The next generation of McLaren sportscars, which will arrive from 2019, will use hybrid powertrains and have autonomous driving capability.
The core models, the first of which will be a replacement for the 570S, will be based on a new structure that will be an evolution of the current Monocell II architecture.
Following the successor to the 570S – which sits upon the lowest ‘Sports Series’ tier on McLaren’s model ladder – each subsequent replacement will use a hybrid powertrain. Given the 720S was launched this year, that Super Series model won’t be hybridised until 2022.
“Hybrid design is part of the next platform – it is designed-in from day one rather than having to adapt an existing chassis,” said boss Mike Flewitt. He confirmed that a hybrid powertrain will be the only option within McLaren’s core model ranges and cars will not be offered only with internal combustion engines.
However, Flewitt would not rule out non-hybrid powertrains in some limited-edition models in its Ultimate Series, which includes the forthcoming Senna track car and the BP23.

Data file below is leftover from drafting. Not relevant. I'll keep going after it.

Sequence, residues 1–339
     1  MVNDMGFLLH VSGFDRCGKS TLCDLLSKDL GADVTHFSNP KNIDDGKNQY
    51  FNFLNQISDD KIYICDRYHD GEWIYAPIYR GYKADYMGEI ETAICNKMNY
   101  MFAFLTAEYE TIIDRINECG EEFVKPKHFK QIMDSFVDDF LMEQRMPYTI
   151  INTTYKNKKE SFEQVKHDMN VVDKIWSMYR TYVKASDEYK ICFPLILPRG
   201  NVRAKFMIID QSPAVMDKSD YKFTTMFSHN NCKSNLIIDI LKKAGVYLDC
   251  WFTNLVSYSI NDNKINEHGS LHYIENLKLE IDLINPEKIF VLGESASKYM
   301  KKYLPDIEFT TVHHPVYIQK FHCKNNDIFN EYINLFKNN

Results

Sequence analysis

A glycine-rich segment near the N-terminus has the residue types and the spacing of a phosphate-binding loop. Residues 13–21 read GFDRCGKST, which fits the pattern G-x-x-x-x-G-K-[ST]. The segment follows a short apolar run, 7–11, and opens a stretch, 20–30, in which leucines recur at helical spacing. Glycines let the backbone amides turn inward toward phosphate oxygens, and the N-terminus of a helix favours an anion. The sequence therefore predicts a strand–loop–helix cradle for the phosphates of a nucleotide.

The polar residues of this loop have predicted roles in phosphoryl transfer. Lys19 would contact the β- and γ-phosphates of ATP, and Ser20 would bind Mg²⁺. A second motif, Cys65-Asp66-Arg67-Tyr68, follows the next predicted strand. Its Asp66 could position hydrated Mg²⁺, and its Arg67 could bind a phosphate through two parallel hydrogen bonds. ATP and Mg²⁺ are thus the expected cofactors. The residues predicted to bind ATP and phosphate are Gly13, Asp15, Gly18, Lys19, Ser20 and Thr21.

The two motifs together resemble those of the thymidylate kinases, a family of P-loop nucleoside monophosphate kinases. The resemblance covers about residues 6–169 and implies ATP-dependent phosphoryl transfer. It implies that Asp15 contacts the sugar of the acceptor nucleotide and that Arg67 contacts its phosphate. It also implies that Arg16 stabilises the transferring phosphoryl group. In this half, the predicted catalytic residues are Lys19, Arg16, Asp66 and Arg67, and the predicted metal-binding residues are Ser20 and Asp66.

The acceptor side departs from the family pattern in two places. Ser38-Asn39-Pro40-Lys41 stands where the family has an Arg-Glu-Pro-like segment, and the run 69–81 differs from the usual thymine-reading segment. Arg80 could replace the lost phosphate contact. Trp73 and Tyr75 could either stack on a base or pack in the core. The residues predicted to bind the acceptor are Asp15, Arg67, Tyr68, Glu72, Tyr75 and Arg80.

The latter will use a twin-turbo 4.0-litre V8 engine augmented by an electric motor and battery pack. However, the hybrid powertrains due to be used in the Sports Series and Super Series models are likely to have a different set-up that will include a downsized turbocharged V6.
The new generation of cars will also mark the introduction of autonomous driving features to McLaren models. However, Flewitt said the firm will not adopt every possible aspect of self-driving technology currently on the market.
“We will be selective. Autonomy in its own right isn’t that appealing to our customers, but we need to have capabilities designed in for safety, legislation and emissions,” he said.